Many states are developing and implementing strategies for integrating behavioral health with primary care. Integrated care improves patients’ access to behavioral health services, attendance at scheduled appointments, satisfaction with care, and adherence to treatment. Minority populations in particular are more likely to seek mental health treatment from primary care practitioners than from mental health specialists. Medicaid payment policies, including reimbursement for behavioral health screenings, management, and referrals in primary care settings, can facilitate this integration.
This brief examines key elements of the seven state SCHIP buy-in programs in operation in 2005. The buy-in programs are designed to fill a coverage gap created when children leave the SCHIP program due to loss of financial eligibility and then become uninsured because their families do not have access to employer coverage or cannot afford private coverage.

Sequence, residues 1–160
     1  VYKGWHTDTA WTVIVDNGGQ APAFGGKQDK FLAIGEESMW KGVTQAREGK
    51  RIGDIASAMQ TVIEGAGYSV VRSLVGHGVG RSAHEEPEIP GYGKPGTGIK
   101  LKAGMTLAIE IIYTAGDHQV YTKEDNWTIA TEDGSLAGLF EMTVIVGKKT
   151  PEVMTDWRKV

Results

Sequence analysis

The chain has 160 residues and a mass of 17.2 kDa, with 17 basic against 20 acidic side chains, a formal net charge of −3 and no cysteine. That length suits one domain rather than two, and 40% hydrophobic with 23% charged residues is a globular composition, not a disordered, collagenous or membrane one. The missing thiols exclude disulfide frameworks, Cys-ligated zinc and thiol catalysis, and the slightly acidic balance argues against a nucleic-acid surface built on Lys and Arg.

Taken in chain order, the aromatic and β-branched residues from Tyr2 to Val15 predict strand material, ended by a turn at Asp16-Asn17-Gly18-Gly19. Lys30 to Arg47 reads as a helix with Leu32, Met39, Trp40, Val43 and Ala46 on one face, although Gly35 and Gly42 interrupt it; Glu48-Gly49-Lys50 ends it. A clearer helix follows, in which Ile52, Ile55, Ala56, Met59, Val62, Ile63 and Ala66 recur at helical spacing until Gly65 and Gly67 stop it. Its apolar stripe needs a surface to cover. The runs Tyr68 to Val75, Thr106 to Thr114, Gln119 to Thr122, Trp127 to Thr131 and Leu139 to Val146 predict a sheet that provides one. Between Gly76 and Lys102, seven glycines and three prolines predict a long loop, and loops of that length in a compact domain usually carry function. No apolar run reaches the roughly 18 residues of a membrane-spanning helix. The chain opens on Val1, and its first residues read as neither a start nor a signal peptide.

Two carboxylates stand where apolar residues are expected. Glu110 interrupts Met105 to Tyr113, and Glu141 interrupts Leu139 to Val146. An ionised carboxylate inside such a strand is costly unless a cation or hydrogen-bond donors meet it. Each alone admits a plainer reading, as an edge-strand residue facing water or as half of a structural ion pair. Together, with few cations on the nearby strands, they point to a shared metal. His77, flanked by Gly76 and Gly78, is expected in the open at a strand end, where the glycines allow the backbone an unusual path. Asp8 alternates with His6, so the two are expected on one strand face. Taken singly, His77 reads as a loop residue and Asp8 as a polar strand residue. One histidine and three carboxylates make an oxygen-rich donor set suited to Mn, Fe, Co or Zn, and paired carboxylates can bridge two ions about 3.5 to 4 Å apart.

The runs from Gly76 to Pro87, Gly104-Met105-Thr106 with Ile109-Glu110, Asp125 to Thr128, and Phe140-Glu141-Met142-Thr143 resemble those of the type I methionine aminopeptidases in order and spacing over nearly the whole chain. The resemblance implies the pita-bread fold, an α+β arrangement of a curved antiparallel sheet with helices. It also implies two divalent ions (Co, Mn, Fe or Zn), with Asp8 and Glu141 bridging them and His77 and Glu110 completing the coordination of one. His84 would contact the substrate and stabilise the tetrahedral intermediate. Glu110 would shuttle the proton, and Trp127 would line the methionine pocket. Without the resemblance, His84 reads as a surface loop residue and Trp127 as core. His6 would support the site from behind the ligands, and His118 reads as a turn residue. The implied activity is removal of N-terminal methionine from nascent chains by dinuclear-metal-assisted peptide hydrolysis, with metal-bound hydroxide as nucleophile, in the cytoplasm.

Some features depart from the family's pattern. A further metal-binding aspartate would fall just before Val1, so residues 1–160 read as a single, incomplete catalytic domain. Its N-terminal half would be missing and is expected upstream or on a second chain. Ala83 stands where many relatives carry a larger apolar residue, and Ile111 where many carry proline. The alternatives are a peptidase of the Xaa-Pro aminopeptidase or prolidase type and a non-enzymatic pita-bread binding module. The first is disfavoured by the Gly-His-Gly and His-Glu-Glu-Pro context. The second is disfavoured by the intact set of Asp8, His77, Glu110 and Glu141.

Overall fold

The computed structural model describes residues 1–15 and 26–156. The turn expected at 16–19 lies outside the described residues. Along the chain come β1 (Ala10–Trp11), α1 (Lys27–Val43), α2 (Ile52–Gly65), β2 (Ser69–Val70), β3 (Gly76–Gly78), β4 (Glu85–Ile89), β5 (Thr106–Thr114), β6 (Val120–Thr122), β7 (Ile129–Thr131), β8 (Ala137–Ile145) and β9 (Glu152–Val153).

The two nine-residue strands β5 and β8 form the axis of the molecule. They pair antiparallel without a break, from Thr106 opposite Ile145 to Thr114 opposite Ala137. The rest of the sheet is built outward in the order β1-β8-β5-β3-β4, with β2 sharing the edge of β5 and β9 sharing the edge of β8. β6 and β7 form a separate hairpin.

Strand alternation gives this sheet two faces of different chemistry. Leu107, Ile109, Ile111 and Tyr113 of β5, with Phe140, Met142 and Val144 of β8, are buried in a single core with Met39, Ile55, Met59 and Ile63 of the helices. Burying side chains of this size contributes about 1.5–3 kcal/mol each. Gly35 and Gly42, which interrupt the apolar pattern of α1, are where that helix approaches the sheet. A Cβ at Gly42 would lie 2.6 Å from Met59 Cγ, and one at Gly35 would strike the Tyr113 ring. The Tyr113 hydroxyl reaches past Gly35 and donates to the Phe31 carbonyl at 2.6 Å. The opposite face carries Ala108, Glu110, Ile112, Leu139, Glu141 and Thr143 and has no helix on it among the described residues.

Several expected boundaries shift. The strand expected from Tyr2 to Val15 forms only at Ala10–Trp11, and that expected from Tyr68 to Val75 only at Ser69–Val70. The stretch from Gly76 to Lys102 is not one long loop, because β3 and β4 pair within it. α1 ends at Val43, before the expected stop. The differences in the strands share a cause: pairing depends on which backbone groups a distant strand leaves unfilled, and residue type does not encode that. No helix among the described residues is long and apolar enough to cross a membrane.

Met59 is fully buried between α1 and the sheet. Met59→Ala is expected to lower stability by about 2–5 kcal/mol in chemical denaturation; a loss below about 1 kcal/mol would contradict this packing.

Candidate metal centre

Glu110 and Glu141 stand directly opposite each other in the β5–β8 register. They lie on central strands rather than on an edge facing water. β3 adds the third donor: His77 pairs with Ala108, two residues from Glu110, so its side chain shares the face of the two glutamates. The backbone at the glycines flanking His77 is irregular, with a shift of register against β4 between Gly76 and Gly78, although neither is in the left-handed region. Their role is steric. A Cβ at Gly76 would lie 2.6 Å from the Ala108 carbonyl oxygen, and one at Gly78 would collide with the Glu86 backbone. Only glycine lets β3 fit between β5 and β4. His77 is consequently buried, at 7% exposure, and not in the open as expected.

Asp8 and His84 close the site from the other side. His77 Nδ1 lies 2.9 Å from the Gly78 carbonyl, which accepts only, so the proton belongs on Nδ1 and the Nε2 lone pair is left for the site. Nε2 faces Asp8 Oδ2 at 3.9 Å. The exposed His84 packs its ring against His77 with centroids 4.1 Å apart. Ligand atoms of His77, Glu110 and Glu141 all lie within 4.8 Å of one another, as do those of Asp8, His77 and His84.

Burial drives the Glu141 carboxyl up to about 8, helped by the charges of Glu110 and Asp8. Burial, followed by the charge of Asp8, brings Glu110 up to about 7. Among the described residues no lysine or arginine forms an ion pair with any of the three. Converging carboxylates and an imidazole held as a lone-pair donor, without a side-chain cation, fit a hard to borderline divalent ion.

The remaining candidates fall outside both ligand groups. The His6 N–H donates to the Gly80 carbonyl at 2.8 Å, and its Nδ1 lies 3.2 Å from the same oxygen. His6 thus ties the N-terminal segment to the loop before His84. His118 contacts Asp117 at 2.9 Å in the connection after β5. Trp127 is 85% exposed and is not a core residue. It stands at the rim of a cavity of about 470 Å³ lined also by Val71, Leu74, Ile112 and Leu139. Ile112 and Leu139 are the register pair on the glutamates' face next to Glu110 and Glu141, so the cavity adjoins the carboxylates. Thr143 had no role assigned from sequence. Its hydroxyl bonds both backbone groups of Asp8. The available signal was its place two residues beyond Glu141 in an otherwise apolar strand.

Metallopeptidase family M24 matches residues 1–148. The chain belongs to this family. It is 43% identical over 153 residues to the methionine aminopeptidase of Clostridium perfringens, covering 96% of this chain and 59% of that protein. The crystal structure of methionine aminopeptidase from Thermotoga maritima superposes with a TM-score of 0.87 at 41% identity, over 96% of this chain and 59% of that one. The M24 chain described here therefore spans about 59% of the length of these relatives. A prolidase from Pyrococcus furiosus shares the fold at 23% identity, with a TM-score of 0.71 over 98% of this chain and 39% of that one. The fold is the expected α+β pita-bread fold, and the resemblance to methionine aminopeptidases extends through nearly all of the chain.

This report briefly reviews findings from the health services research literature on issues related to charging premiums for public health coverage programs. Findings from an October 2002 survey of the 41 current Medicaid buy-in programs operated by 29 states also are presented. Finally, a discussion of the implications of the research findings from the perspectives of the state officials attending the expert meeting is presented. The group addressed practical and policy issues related to charging premiums for Medicaid and, more broadly, some topics pertinent to redesigning Medicaid.